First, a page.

Jobs and Voluntary Work
Where to look for jobs
Check out the following:
- Job search sites, such as fish4jobs, Get my first job and Indeed.
- Jobcentre Plus (your local job centre).
- Universal jobmatch. This government site enables you to search and apply for full or part-time jobs.
- Newspapers. For example, the Birmingham Mail has jobs on a Thursday.
- Employment agencies. They can help you to find temporary and permanent jobs.
Personal contacts. Ask your friends and family if they know about any vacancies.
- Local high streets. You can often find part-time or holiday work advertised in shop or restaurant windows.
- Online directories, such as yell.com to find employers and employment agencies. Check employer websites to see if they are advertising any jobs, or consider sending them a speculative letter or CV.
You will first need to come up with a realistic idea that you can turn into a product or service. You will then need to test the market and develop a business plan. You’ll also need funding to set the business up.
Advice about starting your own business is available on the government website.
The Prince’s Trust Enterprise programme can help you decide whether self-employment is right for you. It offers help to 18 to 30 year olds who are either unemployed or working less than 16 hours a week.
Although the work is usually unpaid, there are lots of good reasons to become a volunteer, such as doing something useful in your spare time, making a contribution to your community, meeting new people, making friends or learning a new skill. It’s also a great way to gain experience, which may also help you with your future career plans.
Use the Internet to search for local opportunities and check out the following websites:
- Birmingham Voluntary Service Council (BVSC) offers local volunteering opportunities.
- National Citizen Service is open to all 16 and 17-year-olds in England. It helps you build your skills for work and life, while you take on new challenges and meet new friends. Participants develop a social action project to deal with a local issue they’re passionate about, and spend 30 hours putting the project into action in their community.
- Volunteering Matters This was formerly called CSV (Community Service Volunteers) and they offer a range of volunteering opportunities.
Qualifications needed for chosen career
You can use the National Careers Service Job Profiles to check out careers and qualifications needed.
Other websites worth checking out are BBC Bitesize and UCAS.
Choosing a career
You can use the National Careers Service Job Profiles to check out careers. For example, choose a job category from those listed to explore related careers.
Other websites worth checking out are:
- BBC Bitesize. You can search by job sectors or see where your favourite subject can take you.
- UCAS. You can explore careers by job family (job sectors), by subjects and by skills (for example, pick a skill you have to explore jobs that need that skill).
- Buzz quiz. In under five minutes, discover your strengths and what makes you tick and which celebrities share your personality type. There are 16 possible results, each connected to an animal. Which animal are you?
Job trends and labour market information
The job market is constantly changing. You can use labour market information (LMI) to research job trends in different career areas.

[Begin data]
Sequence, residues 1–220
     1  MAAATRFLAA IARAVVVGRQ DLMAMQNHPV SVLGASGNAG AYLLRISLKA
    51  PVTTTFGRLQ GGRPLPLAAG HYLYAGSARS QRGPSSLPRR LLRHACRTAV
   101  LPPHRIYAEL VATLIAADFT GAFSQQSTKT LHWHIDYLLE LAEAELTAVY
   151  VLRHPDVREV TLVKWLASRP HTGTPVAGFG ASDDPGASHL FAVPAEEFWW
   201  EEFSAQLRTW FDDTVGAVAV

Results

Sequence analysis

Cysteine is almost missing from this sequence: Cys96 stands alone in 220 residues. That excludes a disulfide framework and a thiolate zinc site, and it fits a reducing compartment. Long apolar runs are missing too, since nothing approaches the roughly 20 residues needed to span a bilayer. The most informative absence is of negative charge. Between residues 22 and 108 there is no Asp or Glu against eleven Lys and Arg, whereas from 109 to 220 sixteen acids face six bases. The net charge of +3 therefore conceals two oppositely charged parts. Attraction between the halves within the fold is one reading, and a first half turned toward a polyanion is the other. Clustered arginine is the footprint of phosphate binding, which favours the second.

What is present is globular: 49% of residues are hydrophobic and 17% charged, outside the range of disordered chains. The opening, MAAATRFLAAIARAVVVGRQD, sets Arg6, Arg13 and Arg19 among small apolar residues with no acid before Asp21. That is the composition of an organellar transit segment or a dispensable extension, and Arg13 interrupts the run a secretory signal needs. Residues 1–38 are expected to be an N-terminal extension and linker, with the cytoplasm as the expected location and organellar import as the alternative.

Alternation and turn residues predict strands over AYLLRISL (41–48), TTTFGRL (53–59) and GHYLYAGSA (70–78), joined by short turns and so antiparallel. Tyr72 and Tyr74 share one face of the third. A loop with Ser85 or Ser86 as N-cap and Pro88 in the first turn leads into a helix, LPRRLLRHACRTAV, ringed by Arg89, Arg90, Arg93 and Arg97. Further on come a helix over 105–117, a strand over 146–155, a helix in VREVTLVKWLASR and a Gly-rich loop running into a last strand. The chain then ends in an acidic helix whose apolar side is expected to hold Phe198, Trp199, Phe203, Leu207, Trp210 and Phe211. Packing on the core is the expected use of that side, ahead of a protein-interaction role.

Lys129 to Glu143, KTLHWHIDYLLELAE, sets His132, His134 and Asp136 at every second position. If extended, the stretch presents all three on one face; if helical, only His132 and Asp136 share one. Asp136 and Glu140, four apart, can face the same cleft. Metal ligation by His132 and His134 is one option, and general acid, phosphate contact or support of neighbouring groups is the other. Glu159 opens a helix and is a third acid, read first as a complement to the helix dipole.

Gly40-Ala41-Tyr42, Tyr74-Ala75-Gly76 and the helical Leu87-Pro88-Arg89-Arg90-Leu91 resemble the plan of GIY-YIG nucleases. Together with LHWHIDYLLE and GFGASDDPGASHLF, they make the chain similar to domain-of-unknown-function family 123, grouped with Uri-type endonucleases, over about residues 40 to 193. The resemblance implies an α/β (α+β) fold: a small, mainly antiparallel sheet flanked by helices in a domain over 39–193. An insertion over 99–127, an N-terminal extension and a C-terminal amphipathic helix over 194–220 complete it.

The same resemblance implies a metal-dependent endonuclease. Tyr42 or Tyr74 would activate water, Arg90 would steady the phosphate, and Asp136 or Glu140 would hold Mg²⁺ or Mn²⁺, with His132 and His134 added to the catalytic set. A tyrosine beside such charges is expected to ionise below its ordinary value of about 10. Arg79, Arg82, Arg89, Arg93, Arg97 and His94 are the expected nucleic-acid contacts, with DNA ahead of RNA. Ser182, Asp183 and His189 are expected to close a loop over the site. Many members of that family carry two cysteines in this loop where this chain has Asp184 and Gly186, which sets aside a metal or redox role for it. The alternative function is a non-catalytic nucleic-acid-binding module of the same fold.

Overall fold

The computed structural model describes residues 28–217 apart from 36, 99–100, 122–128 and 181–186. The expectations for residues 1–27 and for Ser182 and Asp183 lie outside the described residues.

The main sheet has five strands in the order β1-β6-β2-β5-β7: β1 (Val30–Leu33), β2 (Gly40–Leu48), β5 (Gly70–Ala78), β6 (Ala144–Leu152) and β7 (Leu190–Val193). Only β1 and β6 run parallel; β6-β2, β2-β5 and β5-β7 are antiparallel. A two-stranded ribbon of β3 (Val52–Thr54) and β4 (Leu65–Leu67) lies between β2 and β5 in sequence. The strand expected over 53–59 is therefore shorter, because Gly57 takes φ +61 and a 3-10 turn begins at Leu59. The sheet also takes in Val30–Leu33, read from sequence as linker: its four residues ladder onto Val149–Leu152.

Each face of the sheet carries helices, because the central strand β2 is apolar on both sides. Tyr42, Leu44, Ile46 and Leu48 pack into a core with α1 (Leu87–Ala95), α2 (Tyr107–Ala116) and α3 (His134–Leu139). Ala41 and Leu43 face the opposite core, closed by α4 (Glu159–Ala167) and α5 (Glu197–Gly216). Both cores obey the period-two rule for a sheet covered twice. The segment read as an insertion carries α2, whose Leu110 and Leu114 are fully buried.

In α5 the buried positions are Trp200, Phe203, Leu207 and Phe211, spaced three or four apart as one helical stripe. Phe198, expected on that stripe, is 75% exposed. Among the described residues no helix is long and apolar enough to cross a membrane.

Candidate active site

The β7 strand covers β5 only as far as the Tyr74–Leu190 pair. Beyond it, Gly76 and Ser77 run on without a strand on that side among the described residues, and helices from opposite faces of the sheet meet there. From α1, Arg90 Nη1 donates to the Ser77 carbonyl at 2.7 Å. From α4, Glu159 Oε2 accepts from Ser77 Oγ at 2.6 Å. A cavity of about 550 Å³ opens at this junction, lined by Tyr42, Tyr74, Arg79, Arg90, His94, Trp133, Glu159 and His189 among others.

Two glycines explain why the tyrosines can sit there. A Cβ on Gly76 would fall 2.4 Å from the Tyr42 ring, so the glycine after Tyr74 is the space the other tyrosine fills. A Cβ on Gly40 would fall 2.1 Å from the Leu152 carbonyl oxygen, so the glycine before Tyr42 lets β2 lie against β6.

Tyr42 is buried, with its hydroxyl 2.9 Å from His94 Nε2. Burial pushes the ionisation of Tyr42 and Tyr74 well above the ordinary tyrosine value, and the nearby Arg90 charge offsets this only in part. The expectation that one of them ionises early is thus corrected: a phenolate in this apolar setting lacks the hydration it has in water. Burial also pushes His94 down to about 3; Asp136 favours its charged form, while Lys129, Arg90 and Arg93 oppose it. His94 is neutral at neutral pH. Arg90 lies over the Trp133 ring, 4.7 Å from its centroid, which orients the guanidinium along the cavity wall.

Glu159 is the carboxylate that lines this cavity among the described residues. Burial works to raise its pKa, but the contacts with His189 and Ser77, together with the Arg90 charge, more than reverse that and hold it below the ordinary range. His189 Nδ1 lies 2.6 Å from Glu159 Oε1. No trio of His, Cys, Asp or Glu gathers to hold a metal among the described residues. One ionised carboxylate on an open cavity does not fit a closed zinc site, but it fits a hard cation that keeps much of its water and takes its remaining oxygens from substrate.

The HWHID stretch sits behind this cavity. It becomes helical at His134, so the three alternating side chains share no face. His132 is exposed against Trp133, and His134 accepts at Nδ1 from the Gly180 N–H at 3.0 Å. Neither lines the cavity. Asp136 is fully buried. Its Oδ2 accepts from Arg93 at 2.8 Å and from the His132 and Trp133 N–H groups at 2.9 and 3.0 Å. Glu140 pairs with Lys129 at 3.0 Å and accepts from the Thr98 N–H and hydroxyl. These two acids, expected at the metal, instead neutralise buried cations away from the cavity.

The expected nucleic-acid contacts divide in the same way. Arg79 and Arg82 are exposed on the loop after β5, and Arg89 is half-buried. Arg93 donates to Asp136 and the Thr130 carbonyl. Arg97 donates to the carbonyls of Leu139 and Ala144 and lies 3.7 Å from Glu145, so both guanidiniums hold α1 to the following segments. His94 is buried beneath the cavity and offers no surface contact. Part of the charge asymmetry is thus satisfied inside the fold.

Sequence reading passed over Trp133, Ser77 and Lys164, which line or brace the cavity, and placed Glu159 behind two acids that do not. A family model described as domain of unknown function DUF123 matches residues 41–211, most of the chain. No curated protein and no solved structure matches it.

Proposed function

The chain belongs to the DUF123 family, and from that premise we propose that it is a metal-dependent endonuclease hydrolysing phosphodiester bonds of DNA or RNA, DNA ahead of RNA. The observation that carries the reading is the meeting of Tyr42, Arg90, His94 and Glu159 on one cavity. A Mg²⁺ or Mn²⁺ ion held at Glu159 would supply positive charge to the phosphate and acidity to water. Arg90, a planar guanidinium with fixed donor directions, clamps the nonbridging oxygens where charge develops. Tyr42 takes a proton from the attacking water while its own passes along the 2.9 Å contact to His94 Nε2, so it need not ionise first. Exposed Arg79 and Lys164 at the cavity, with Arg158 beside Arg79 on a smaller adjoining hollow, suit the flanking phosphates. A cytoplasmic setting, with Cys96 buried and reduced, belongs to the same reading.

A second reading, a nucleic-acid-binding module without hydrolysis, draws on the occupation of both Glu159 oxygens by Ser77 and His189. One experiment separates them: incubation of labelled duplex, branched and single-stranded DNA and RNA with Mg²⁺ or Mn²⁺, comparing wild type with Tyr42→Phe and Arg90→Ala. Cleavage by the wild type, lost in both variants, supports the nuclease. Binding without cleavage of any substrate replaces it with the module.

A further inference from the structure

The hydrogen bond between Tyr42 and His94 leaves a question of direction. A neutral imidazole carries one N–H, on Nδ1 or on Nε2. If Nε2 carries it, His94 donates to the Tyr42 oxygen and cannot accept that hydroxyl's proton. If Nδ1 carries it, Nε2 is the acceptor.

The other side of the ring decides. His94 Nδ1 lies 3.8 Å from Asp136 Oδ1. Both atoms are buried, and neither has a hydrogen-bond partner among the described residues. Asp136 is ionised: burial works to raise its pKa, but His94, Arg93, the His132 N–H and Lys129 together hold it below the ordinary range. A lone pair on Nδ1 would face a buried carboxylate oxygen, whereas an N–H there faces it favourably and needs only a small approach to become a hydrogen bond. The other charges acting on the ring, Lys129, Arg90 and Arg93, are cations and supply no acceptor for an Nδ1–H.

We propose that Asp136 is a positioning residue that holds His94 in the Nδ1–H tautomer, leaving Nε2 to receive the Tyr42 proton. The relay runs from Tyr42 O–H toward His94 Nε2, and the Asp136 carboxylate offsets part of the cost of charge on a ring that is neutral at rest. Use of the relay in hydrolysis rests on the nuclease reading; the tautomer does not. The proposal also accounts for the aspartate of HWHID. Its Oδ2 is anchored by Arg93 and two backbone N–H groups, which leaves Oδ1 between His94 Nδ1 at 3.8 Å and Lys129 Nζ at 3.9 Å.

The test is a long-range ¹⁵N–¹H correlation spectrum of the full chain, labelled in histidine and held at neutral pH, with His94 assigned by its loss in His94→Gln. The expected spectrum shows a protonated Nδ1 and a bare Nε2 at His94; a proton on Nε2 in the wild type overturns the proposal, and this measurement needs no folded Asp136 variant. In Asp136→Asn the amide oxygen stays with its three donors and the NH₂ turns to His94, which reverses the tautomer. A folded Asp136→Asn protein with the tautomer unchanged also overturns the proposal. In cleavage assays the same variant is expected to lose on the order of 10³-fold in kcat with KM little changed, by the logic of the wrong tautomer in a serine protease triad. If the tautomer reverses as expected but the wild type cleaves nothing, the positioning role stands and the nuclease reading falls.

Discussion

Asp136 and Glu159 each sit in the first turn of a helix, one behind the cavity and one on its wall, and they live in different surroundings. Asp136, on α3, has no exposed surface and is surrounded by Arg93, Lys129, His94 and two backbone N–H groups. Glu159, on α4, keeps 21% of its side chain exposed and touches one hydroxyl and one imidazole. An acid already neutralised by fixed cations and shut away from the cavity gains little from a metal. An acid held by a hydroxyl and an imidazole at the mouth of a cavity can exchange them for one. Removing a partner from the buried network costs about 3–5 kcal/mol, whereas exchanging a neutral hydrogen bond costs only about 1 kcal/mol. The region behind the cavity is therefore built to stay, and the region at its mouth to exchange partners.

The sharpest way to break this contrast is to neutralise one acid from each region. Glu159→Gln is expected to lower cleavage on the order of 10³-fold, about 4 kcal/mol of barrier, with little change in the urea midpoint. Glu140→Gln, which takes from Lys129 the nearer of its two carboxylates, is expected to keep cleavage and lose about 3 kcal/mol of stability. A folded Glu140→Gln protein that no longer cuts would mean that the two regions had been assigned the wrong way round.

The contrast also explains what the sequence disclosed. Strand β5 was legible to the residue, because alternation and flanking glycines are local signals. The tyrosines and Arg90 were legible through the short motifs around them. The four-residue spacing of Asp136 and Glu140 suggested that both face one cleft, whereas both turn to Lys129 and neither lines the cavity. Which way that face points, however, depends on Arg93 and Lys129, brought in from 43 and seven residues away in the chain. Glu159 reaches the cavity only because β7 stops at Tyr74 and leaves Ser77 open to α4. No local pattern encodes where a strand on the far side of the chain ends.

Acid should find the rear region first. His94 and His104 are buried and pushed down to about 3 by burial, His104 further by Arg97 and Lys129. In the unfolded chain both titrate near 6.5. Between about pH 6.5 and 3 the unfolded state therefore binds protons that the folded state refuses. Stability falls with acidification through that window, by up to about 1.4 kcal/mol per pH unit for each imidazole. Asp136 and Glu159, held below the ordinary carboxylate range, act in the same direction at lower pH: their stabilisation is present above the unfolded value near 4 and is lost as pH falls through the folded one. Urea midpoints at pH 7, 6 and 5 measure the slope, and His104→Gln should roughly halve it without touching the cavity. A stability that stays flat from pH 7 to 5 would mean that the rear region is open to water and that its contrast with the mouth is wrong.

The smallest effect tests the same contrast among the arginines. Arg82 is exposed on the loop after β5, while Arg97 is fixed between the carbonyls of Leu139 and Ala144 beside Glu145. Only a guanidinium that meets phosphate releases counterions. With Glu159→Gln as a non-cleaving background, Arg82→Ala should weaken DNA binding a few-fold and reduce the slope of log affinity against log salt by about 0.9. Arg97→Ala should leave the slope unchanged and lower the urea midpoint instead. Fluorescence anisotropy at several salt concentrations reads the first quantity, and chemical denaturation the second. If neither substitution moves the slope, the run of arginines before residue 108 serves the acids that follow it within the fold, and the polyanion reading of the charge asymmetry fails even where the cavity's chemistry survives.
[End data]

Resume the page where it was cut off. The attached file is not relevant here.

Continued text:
Use the following websites to research LMI and to check what future trends are predicted for your chosen career:
- Prospects Graduate job sector information.
- Nomis : Provides a labour market profile of an area (for example, search for Birmingham). Includes data on population, employment, unemployment, qualifications, earnings, benefit claimants and businesses.
The National Minimum Wage rate per hour depends on your age and whether you’re an apprentice.
The rates are usually updated every October. For the latest information go to the Government website.
Age you can work
The youngest age you can work part-time is 13, except if you are involved in areas such as television, theatre and modelling (children working in these areas will need a performance licence).
You can start full-time work once you have officially left school. You can work up to a maximum of 40 hours a week. Once you reach 18, adult employment rights and rules apply.
More information is available on the government website.
Part-time work restrictions for children at school
There are restrictions about what part-time work you can do and when you can do it.
You must be at least 13 years old and you are not allowed to work in places like a factory or industrial site.
You are also not allowed to work:
- During school hours.
- Before 7 am or after 7 pm.
- For more than one hour before school (unless local bylaws allow it).
- For more than 4 hours without taking a break of at least 1 hour.
There are also special rules which only apply during term-times and school holidays. For example, during term-time you can only work a maximum of 12 hours a week. This includes:
- A maximum of 2 hours on school days/Sundays.
- A maximum of 5 hours on Saturdays for 13 to 14-year-olds or 8 hours for 15 to 16-year-olds.
During school holidays, 13 to 14-year-olds are only allowed to work a maximum of 25 hours a week. This includes:
- A maximum of 5 hours on weekdays/Saturdays.
- A maximum of 2 hours on Sundays.
During school holidays, 15 to 16-year-olds can only work a maximum of 35 hours a week. This includes:
- A maximum of 8 hours on weekdays/Saturdays.
- A maximum of 2 hours on Sundays.
Full details are available on the government website.